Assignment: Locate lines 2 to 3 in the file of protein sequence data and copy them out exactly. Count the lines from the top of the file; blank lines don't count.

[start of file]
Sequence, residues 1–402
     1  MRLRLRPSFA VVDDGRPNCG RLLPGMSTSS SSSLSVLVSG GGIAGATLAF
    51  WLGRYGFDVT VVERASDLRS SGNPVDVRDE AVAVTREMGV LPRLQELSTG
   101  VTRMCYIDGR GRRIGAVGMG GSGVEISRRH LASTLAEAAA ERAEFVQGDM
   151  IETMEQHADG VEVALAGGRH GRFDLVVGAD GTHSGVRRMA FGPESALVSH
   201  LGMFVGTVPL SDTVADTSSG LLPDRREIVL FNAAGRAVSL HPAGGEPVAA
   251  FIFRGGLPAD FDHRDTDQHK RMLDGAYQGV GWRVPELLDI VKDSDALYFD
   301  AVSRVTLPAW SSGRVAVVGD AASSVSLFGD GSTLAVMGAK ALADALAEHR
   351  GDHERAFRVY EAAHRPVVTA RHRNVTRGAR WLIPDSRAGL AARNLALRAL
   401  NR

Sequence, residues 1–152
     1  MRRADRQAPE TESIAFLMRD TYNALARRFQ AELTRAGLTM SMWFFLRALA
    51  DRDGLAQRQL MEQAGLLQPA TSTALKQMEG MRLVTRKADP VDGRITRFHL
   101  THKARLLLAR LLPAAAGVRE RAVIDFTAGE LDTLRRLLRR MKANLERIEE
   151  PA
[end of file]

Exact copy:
     1  MRLRLRPSFA VVDDGRPNCG RLLPGMSTSS SSSLSVLVSG GGIAGATLAF
    51  WLGRYGFDVT VVERASDLRS SGNPVDVRDE AVAVTREMGV LPRLQELSTG